December 27, 14.50pm
There is a tendency, in the modern media, towards length; an adherence the principle that bigger is better. This is evident in the world of the big screen where too few movies are now concluded before their second hour is up. It is rare too, that I find a book these days that couldn't use a second, more extensive, application of the editor's knife.
And that is, partly at least, why Sharp Objects, the debut novel from Gillian Flynn, is such a triumph. Not a word in this modern family-horror-story novel is wasted as Flynn draws her reader through the mostly tightly-woven of plots to an extraordinary conclusion.
Television is perhaps the sole medium not obsessed with engorgement. Most content is still served up in 30 and 60 minute packages, which are relatively short time periods for setting up a story, telling it and then bringing it to a satisfying conclusion. In recent years American writers in particular have been very adept at using every one of the seconds available to them to produce first class story-telling and entertainment. As the television critic for Entertainment Weekly, Gillian Flynn has had a privileged front row seat of both best and worst practice in the small screen media, and on the evidence of Sharp Objects, she has learned those lessons well.
Sharp Objects begins when Camille Preaker, a reporter on a third string Chicago newspaper, is sent back to her home town in rural Missouri to report on what appears to be a serial killer story following the murder of one young girl and the disappearance of a second. As both outsider and one time prominent resident of the town (the prettiest girl from the richest family) Camille is the perfect guide through small town neuroses and secrets laid horribly bare by two violent crimes.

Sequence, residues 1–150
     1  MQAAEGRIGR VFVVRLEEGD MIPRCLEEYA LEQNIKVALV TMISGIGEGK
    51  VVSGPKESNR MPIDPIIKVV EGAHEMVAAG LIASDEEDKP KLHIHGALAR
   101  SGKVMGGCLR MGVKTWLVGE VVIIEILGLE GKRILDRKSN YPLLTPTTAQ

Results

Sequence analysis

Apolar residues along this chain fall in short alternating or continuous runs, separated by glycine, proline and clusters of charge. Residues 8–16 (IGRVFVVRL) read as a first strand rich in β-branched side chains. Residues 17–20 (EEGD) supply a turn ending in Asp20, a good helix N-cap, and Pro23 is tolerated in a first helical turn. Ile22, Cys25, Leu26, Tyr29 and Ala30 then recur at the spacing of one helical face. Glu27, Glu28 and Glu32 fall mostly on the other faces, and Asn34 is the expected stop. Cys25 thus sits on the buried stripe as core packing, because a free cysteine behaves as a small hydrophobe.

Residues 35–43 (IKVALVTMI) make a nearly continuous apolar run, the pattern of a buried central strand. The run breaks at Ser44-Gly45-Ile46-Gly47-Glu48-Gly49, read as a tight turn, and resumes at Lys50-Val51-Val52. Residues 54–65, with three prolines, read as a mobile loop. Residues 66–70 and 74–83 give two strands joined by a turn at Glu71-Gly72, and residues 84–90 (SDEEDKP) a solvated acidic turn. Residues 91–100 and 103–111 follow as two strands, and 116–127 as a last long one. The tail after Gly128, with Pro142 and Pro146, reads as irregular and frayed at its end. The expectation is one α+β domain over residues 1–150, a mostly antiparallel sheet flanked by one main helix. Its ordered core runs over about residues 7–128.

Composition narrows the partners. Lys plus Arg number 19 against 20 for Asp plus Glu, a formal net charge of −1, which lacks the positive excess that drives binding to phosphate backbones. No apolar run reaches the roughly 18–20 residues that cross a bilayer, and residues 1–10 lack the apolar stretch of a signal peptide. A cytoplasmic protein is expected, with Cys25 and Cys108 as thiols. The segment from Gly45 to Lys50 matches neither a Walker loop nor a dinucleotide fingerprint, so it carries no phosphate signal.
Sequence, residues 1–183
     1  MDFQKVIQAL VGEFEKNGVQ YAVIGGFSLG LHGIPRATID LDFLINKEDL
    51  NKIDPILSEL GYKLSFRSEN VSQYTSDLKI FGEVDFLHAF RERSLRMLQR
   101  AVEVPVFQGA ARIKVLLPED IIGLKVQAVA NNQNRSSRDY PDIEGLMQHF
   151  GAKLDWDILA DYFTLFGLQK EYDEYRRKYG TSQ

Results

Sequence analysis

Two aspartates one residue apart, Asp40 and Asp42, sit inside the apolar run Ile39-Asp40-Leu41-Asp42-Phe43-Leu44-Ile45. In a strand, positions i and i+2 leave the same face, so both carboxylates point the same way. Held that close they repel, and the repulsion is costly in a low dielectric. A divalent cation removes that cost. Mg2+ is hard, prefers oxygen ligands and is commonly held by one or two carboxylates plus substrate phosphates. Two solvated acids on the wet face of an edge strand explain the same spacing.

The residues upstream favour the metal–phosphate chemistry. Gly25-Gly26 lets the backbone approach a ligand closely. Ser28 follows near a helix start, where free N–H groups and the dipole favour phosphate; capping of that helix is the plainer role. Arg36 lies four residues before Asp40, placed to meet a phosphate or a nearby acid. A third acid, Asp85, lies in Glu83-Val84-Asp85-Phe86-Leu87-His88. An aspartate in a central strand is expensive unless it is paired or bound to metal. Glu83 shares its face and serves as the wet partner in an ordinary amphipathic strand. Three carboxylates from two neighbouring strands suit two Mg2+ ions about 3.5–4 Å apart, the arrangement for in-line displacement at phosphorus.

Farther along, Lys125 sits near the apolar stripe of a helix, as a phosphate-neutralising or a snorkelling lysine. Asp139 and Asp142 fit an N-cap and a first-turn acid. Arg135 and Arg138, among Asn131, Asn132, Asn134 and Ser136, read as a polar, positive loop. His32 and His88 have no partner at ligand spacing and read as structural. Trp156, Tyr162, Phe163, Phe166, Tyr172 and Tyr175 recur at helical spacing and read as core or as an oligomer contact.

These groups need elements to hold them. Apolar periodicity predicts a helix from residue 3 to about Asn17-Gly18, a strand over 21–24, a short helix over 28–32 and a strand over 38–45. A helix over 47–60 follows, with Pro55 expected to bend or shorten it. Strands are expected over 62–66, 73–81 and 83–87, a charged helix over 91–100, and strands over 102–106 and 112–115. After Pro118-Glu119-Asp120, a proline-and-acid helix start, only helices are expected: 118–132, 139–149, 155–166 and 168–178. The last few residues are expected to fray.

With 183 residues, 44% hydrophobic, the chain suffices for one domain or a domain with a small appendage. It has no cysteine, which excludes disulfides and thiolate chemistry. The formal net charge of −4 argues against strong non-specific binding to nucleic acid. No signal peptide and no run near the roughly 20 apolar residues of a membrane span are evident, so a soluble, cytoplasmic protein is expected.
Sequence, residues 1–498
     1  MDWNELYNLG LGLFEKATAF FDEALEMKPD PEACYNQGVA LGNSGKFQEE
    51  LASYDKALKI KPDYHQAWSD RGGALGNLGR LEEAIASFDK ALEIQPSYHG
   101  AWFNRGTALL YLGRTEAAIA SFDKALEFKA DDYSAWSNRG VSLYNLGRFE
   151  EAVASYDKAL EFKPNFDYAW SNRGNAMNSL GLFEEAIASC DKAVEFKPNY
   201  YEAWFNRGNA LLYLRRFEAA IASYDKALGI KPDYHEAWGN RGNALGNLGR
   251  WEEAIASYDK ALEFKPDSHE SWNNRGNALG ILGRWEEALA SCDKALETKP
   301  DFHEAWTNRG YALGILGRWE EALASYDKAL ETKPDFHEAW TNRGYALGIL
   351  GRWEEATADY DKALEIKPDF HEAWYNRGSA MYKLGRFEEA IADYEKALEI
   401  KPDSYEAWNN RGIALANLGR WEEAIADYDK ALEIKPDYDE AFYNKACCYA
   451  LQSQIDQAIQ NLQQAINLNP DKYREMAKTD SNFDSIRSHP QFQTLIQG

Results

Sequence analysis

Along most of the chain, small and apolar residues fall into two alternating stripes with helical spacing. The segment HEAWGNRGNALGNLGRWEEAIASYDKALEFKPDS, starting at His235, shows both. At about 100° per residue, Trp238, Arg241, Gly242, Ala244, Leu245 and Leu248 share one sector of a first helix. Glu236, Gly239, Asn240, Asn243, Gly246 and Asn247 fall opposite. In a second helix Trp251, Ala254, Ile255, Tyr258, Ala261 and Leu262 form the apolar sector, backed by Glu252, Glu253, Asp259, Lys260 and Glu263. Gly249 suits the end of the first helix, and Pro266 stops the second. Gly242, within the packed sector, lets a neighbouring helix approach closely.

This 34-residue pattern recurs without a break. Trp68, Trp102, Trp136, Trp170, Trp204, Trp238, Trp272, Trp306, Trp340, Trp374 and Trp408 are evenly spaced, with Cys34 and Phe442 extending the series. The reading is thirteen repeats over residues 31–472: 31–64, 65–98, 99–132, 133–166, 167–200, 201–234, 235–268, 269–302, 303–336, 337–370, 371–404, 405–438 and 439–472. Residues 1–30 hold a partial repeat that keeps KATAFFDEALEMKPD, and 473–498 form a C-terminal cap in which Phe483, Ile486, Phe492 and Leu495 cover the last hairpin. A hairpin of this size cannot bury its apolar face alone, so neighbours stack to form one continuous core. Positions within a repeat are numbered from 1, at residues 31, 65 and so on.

She uncovers the broken dreams (and marriages) of her former classmates; the havoc wrought by her half sister Amma who leads a Heathers-esque clique of the beautiful and bad. More than that , she reacquaints herself with the claustrophobia of life in a small town as well as the suffocating presence of her domineering southern matron mother.
In the meantime, Flynn maintains a gripping murder mystery which twists ever closer to Camille's childhood home.
It is scarcely believable that this is the work of a first novellist, so accomplished is it in every facet of the writing. Characterisation, dialogue, context, backdrop and story-telling are all first class. Sharp Objects, which is published in the UK (by Weidenfeld and Nicholson) on January 3rd, marks out Gillian Flynn as a fearsome new talent in the crime fiction genre. I am as sure that this book will be a huge success as I have been of any debut novel I have ever come across, and I cannot recommend it highly enough.